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The Philippines at a Glance

Philippines: Visa Types and Requirements

Have you decided to move to the Philippines? Your life is likely to change completely after settling in the second largest archipelago in the world. The InterNations Guide on the Philippines provides you with all the necessary info for this adventure, on everything from geography to visa.

Depending on your country of origin, you may not need a visa for visits of up to 30 days. With a tourist visa, longer visits of less than 60 days are possible as well. However, if you plan to enter the country for the purpose of employment, you will need a non-immigrant visa for pre-arranged employment.

Which Visa Is the Right One for You?

There are different visa types that may apply to you when you move to the Philippines:

If you receive a pension and you are at least 50 years old, then the required deposit for a special resident retiree visa is 10,000 USD, plus a monthly pension of 800 USD for a single applicant and 1,000 USD for a couple.

If you receive no pension and you are at least 50 years old, then the required deposit is 20,000 USD. For applicants aged from 35 to 49, the deposit is 50,000 USD.

For former Filipino citizens who are at least 35 years old (regardless of the number of their dependents), for ambassadors of foreign countries who have served and retired in the Philippines, and for current and former staff members of international organization who are at least 50 years old, the deposit only amounts to 1,500 USD.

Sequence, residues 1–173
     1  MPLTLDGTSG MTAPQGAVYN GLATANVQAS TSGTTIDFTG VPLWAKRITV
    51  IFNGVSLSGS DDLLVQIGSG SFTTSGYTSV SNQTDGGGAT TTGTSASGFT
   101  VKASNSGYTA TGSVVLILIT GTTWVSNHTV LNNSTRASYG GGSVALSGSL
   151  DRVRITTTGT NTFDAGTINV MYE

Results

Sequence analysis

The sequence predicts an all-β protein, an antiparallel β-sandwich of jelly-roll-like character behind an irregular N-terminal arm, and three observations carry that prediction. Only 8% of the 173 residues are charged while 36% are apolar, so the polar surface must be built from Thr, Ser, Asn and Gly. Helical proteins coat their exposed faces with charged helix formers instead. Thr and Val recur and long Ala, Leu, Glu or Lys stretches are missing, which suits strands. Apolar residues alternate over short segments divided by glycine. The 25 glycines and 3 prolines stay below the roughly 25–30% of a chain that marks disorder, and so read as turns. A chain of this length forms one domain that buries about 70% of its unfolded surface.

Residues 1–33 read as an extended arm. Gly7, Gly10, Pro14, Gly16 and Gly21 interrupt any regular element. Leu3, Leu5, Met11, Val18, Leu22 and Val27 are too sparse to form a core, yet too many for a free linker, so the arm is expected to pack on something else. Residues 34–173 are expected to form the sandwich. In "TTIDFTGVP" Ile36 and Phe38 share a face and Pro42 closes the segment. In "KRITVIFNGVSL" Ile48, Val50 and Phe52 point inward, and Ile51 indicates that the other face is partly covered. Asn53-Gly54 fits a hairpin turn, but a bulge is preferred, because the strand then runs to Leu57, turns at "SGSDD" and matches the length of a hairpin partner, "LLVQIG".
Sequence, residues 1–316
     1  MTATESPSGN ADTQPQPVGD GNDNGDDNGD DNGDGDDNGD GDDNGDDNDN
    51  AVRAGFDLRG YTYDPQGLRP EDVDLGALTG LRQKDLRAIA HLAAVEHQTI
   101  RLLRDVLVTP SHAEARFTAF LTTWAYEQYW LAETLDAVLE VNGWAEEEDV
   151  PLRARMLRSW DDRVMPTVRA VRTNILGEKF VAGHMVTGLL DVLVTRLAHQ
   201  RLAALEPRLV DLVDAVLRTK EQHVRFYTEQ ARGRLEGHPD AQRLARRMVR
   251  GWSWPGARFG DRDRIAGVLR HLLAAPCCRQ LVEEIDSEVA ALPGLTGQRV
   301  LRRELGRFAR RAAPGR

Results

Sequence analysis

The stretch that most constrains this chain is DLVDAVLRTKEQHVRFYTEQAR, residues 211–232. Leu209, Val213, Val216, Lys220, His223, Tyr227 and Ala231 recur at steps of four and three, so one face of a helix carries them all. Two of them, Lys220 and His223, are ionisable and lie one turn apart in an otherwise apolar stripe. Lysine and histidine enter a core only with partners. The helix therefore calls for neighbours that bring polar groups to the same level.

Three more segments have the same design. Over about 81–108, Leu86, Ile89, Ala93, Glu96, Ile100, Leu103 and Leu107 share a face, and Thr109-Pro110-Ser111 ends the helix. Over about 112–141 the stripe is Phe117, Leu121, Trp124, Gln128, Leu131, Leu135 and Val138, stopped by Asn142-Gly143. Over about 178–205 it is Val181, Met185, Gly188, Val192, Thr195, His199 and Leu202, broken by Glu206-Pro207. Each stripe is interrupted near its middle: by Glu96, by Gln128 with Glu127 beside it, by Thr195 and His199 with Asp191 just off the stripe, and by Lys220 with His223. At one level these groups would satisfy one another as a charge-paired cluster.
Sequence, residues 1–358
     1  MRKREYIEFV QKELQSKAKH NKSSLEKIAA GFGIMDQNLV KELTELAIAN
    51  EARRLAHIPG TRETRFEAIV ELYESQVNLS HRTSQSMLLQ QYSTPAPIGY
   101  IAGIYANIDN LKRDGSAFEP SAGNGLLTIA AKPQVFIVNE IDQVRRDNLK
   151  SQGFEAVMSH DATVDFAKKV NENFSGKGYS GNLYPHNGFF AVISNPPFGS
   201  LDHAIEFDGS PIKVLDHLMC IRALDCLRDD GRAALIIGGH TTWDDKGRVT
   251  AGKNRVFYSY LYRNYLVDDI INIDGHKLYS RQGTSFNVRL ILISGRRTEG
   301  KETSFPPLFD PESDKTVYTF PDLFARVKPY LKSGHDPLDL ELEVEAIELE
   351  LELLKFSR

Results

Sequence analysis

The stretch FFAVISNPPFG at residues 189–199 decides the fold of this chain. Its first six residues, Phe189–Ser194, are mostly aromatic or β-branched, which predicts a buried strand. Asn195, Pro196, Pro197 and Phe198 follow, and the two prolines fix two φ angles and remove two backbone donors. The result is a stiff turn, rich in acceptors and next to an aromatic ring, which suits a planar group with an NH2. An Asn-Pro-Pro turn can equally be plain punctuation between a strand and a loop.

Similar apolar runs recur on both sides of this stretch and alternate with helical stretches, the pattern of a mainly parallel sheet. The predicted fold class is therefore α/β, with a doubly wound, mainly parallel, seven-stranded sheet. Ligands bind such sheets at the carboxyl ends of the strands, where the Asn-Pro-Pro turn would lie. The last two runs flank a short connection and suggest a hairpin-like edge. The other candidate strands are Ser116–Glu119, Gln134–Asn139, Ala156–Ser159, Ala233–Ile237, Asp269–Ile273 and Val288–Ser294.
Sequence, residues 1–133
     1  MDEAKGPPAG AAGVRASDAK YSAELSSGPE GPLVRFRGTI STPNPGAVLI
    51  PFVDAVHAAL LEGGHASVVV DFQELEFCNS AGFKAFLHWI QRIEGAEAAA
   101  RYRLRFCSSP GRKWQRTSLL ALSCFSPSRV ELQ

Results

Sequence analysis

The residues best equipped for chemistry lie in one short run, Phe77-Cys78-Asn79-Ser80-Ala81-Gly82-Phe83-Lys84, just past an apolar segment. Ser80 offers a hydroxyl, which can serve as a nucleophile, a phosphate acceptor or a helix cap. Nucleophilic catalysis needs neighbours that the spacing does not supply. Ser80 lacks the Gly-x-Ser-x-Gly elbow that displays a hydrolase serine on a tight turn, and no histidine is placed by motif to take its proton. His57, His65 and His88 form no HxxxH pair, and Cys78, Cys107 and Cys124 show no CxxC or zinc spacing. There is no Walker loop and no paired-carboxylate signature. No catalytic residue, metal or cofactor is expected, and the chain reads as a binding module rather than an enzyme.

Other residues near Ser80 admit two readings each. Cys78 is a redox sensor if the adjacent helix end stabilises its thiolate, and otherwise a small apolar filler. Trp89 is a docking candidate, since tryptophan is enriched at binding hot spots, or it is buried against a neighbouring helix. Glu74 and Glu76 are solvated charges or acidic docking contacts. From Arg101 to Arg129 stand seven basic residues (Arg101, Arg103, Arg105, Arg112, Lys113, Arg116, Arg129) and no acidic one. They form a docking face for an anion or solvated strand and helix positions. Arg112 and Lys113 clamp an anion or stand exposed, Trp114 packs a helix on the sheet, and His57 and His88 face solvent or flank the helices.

For more details on the individual visas and how to apply, see the Filipino Bureau of Immigration.

Visa Requirements

The visa requirements for the Philippines vary significantly, depending on the purpose and the duration of your stay. However, for example, the necessary documents for a pre-arranged employment visa include:

If you are planning to move to the Philippines with your family, you should also attach any birth certificates and a marriage certificate. These documents must be notarized. If you apply in a language other than English, remember to submit your paperwork with certified English translations.

Don’t Forget to Register for Your Alien Employment Permit

Aside from an employment visa, the Philippine government requires non-resident foreign nationals to apply for an Alien Employment Permit (AEP) if they plan on working in the Philippines. The department responsible for this permit is the Department of Labor and Employment (DOLE).

You can try to apply for an AEP at your nearest consulate or embassy. However, your application will be more successful if you submit it through your prospective employer at one of the DOLE’s regional offices. How long your AEP remains valid depends on the duration of your work contract and the nature of your position at your company in the Philippines.

ACR I-Card

When submitting your visa application, you need to provide an application for an ACR I-Card along with it. The ACR I-Card costs around 50 USD and is a microchip-based identification card that carries all your information relevant to immigration officials, such as your name, date of birth, age, and visa type.

The card also serves as an Emigration Clearance Certificate (ECC), Re-Entry Permit (RP), and Special Return Certificate (SRC).


We do our best to keep this article up to date. However, we cannot guarantee that the information provided is always current or complete.

InterNations Expat Magazine